Plasma transfusions may be helpful by providing certain proteins that inhibit pancreatic enzyme activity. These can be added to the intravenous fluids used for hydration.

Prognosis is unpredictable. Mild cases may have full recovery and a low fat diet is all that is needed to prevent recurrence or complications.

Recent studies (3) have found that early enteral (by mouth rather than by vein) nutrition allows for better health of the intestines and thus a more rapid recovery. Pain relievers are used as appropriate.

The  Royal Veterinary College in London has completed a study on the Nutritional Management of Acute Pancreatitis in Dogs and Catsthree bones rating

Chronic pancreatitis: Some animals develop chronic pancreatitis  which can lead to diabetes or pancreatic insufficiency. In this latter instance, food is passed undigested. Dogs with this condition have a ravenous appetite, diarrhea, and weight loss even though they are eating. Treatment for pancreatic insufficiency is life long and expensive. Digestive enzymes can be replaced through a product processed from the pancreas of hogs and cattle.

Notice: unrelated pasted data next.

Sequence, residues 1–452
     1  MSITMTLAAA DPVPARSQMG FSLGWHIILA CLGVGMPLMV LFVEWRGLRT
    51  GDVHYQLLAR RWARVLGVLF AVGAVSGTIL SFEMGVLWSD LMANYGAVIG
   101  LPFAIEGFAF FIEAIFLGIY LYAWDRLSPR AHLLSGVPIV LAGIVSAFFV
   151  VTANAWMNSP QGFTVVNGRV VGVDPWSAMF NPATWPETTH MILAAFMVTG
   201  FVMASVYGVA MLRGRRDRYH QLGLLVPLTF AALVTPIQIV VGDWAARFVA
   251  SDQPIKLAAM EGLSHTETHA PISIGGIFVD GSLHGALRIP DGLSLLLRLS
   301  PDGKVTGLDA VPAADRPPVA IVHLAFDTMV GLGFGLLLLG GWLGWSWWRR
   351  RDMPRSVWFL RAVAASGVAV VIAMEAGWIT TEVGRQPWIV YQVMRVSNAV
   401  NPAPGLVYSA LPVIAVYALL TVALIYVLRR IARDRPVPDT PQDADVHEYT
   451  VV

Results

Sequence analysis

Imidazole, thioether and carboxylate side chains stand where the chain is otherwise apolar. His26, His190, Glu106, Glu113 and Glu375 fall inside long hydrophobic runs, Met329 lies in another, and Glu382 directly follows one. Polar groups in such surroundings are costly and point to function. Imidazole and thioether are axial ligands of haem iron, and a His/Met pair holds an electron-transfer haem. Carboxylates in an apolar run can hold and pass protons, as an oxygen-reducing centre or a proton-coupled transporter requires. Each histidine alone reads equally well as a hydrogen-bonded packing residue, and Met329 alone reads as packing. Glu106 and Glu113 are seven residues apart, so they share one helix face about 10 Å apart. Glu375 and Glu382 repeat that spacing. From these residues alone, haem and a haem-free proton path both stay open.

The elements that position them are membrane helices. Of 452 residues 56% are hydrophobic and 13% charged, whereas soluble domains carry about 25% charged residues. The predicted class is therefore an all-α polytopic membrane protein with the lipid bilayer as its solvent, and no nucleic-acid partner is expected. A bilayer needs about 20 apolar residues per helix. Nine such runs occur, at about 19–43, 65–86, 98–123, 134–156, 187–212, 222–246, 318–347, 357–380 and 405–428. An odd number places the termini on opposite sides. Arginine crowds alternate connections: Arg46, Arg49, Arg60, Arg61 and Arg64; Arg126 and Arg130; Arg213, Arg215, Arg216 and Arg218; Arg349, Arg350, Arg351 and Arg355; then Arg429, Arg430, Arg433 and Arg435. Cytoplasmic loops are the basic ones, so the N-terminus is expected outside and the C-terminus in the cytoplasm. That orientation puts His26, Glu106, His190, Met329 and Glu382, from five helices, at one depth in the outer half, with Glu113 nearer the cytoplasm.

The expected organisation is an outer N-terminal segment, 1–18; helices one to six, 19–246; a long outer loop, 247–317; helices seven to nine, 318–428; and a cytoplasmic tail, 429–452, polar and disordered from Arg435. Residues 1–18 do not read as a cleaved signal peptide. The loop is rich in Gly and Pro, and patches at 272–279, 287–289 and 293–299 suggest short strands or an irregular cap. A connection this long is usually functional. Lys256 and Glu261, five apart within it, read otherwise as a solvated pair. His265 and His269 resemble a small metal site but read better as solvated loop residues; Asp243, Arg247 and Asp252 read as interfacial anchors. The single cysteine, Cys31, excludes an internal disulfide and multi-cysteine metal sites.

1. Canine Pancreatitis  by Wendy C. Brooks, DVM, DipABVP, at two bones rating

2. Papa K et al 2011.  Occurence, clinical features and outcome of canine pancreatitis (80 cases). Acta Vet Hung 59(1) 37-52. three bones rating  

3. Mansfield et al 2011.  A Pilot Study to Assess Tolerability of Early Enteral Nutrition via Esophagostomy Tube Feeding in Dogs with Severe Acute Pancreatitis.  J Vet Int Med 25(3) 419-425 three bones rating

SCARF-sponsored research:
 Report to Grant Sponsor (SCARF) from Investigator:  
4. Specificity and Sensitivity of the Pancreatic Lipase Immunoreactivity (SPEC cPL) Test for the Diagnosis of canine Pancreatitis: two bones rating 

Published Paper:
5. Trivedi S, Marks SL et al 2011.  Sensitivity and Specificity of Canine Pancreas-Specific Lipase (cPL) and Other Markers for Pancreatitis in 70 Dogs with and without Histopathologic Evidence of Pancreatitis.  J Vet Int Med 25(6): 1241-1247.  three bones rating

Suggested Links

Pancreatitis (Inflammation) in Dogs at  two bones rating

Pancreatitis in Dogs:  Symptoms and Treatments at three bones rating

Mansfield  CS, Watson PD, Jones BR.  2011.  Specificity and sensitivity of serum canine pancreatic elastase-1 concentration in the diagnosis of pancreatitis.   J VET Diagn Invest 23(691).  three bones rating

Canine Pancreatitis at HubPages one bone rating

Current Research


Notable Quotations

"A man's soul can be judged by the way he treats his dog." ~ Charles Doran